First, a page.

Photo by Matthew Murphy.

After three more callbacks, finding out I booked the job was surreal.

I was driving to a theater upstate where I had taken a job to choreograph a production of "The Rocky Horror Picture Show" when my agent called with the good news. "Landslide" by the Dixie Chicks was on the radio, and I was just sobbing in the car.

When I told my mom, she started crying and was overcome with pride, and my dad was beside himself. My boyfriend was just screaming on the phone, "You did it!"

I also got to quit my bartending job.

I don't want to say theater work is about the money, because it's not. But part of the great thing about getting cast in a Broadway show is that you work consistently and make a substantial paycheck, which I never really had before. [The minimum salary for actors on Broadway is around $2,200 a week, according to Actor's Equity Association, the labor union that represents American actors and stage managers.]

Not only was it incredible to wake up and go be with people who really love their jobs, but it gave me the the freedom to support myself in New York City and not worry quite as much about everything. I was able to make rent and buy a dresser that I desperately needed in the same month.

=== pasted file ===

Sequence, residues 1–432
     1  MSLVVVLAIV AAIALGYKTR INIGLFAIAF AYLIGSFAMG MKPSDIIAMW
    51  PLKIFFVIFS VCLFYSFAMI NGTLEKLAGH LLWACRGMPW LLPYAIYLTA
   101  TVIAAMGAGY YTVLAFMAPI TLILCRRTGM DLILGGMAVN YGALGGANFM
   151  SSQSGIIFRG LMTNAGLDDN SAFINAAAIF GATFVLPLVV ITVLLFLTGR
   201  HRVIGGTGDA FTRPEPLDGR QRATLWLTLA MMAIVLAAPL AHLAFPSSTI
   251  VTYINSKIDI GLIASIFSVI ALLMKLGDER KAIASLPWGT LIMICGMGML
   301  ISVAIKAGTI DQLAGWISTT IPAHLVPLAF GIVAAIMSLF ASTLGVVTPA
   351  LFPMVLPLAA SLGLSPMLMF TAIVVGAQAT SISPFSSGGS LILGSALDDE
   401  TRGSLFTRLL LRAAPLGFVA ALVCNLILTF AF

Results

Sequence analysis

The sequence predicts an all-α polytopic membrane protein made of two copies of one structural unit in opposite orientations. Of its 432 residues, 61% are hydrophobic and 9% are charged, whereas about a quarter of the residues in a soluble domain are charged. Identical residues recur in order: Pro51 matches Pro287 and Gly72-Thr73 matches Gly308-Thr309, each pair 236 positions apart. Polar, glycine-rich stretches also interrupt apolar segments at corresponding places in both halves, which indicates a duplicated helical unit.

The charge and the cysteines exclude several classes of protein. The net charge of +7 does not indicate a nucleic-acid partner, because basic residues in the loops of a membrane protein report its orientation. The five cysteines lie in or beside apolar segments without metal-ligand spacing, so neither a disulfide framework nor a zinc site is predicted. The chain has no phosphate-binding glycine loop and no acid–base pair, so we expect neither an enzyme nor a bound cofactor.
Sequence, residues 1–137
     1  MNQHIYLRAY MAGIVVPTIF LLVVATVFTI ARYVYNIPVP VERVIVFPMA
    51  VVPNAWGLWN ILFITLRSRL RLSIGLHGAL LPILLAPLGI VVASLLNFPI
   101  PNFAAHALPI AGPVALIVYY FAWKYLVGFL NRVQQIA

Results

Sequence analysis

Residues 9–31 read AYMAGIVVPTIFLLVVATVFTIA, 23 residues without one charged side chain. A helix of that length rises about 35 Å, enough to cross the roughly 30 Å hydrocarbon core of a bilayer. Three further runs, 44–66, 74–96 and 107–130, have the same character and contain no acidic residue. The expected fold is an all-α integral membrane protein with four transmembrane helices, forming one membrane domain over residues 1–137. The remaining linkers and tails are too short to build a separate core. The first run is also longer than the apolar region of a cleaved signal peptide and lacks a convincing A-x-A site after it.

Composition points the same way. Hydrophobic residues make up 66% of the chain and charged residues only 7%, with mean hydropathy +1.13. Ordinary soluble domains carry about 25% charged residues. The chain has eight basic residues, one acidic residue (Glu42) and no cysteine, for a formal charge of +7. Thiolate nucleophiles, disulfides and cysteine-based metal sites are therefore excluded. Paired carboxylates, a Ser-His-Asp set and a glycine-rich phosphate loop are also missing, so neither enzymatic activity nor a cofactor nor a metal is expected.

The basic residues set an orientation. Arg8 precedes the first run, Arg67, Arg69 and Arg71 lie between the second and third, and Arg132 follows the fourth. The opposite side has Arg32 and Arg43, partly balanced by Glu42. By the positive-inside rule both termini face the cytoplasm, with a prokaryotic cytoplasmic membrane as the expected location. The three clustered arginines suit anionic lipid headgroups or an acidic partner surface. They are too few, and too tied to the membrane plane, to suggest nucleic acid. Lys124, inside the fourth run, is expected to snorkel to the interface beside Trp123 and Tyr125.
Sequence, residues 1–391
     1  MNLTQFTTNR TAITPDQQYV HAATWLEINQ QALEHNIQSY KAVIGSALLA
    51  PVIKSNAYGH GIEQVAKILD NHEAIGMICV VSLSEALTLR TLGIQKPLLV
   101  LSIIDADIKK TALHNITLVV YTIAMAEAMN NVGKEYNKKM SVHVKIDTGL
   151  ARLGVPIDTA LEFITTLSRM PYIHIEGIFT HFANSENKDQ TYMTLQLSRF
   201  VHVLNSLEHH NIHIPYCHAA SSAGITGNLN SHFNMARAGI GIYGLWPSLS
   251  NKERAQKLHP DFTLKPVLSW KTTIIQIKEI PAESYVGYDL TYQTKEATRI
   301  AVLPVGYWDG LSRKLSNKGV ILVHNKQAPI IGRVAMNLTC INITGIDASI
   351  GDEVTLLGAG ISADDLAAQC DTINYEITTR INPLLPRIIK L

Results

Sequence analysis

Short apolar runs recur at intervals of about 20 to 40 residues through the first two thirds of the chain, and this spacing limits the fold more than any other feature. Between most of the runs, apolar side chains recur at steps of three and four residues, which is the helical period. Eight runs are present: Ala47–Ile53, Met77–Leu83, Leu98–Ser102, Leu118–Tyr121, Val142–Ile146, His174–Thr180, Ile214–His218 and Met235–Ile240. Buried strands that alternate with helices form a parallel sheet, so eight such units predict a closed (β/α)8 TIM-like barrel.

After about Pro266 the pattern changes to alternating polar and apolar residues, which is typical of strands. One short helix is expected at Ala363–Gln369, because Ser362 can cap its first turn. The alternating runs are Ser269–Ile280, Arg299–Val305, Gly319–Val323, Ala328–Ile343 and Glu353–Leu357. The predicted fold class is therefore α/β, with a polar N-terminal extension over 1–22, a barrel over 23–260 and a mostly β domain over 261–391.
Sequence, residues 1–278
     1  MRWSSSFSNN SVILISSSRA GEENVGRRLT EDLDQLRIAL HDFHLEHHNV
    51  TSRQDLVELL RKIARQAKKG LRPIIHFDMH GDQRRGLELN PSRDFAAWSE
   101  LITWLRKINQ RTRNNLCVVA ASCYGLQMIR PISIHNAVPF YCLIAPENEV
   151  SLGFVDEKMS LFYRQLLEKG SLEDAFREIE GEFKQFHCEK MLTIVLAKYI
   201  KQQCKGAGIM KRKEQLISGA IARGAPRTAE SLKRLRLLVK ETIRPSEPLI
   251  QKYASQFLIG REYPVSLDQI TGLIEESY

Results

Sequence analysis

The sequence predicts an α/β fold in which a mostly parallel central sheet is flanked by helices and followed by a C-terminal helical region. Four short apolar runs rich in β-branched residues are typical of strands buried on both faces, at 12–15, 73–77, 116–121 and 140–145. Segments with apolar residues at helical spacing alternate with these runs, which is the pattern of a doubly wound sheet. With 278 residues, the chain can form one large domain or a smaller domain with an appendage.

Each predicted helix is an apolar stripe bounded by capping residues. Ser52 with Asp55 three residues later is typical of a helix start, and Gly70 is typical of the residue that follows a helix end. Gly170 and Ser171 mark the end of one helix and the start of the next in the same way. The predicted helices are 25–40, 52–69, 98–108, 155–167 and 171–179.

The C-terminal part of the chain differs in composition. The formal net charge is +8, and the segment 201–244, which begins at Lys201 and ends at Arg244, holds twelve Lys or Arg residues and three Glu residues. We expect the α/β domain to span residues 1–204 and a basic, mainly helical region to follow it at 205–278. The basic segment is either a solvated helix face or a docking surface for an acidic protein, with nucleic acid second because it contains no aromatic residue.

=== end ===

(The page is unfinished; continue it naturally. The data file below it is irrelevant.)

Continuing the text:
'I don't know what else I would do'

These days, I'm collecting unemployment. So much time on your hands can be stressful, I also have little projects going on, like making videos and playing my guitar. I've been doing yoga and meditation and trying to keep some routine to my days.

This summer I want to do things I wouldn't have been able to do otherwise. I want to go camping and hike with my boyfriend.

But to be honest, I don't have a set plan. 

The extra money that we're getting from the government is going to go away soon. So I'm thinking about what skills I could invest in now to make money in the meantime. I've heard people can take courses online to learn how to get certified to teach English as a second language, or I could maybe do yoga teacher training.

Truly, I don't know what else I would do besides performing, so we'll see how long this lasts.

I've been keeping in touch with the cast, and when the time comes for us to go back, wherever and whenever, we're going to be ready.

Hopefully we'll all ride this wave out, and get back on stage soon.

[The Broadway League announced June 29 that Broadway performances have been suspended through the remainder of 2020 due to Covid-19.]